People you have never met will read it. Some of them will leave reviews on Amazon or Goodreads. Some of them will like it, some of them definitely will not. You’ll read it aloud in front of audiences. You’ll talk about it with other authors, you’ll post about it on social media. It’s very exciting, but can also be draining. In the three and a half months since The Patch Project came out, I’ve learned that getting your book published is just the beginning of a long term commitment.

And it absolutely helps to have a community of people to share that journey with. Whether they’re readers, fellow authors, event planners, publishers, or friends, their support is invaluable. Sharon, Justine, and Ben didn’t have to do this blog tour with me, but they did. Finding creative ways to build up a writing community is part of what we can do as authors.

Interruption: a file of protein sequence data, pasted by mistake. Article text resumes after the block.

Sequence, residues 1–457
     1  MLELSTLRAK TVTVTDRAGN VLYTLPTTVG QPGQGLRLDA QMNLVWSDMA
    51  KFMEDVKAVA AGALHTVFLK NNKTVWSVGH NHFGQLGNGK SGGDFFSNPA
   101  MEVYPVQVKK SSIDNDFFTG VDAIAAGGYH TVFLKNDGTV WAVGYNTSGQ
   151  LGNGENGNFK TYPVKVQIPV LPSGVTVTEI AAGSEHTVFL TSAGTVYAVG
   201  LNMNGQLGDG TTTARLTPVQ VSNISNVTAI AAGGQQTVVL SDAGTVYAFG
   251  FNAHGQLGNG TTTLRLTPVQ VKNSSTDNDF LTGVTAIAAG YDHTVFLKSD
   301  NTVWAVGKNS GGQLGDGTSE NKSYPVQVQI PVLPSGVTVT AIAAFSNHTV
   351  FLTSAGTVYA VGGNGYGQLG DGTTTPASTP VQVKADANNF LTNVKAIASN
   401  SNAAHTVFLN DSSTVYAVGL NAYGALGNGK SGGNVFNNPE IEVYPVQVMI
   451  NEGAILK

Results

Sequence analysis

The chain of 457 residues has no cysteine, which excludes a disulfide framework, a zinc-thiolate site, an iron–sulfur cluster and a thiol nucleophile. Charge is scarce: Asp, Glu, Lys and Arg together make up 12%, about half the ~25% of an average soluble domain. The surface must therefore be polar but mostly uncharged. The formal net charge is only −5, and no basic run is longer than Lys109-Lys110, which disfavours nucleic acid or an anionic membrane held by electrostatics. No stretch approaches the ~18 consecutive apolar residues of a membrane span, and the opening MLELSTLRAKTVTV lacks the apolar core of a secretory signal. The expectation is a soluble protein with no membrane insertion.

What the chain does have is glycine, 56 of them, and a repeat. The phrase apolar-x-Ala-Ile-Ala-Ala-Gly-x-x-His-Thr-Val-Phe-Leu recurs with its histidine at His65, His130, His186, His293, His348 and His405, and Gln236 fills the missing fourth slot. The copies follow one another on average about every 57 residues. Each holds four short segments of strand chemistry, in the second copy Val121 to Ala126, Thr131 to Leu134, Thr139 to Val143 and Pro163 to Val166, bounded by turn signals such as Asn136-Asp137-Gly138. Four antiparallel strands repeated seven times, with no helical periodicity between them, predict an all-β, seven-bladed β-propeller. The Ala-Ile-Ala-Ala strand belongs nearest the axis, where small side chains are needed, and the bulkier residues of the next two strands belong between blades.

So thanks to all of them, and all of you, for creating connections and for reading.


Want to know more about The Patch Project? Visit or Brittni’s Facebook page to stay up to date with events and readings.

The Patch Project is currently available in digital and print formats on Amazon, and can be ordered through bookstores like Chapters. In Windsor, The Patch Project is available at Juniper Books.




the third thursday, featuring Sharon Ledwith and Lost and Found

Welcome to week three of our blog tour! Four local authors have joined forces to share their stories and answer questions about their writing process.

This week, I asked YA author Sharon Ledwith some questions about her newest book, Lost and Found!


About Lost and Found

“The Fairy Falls Animal Shelter is in trouble. Money trouble. It’s up to an old calico cat named Whiskey—a shelter cat who has mastered the skill of observation—to find a new human pack leader so that their home will be saved. With the help of Nobel, the leader of the shelter dogs, the animals set out to use the ancient skill of telepathy to contact any human who bothers to listen to them. Unfortunately for fifteen-year-old Meagan Walsh, she hears them, loud and clear.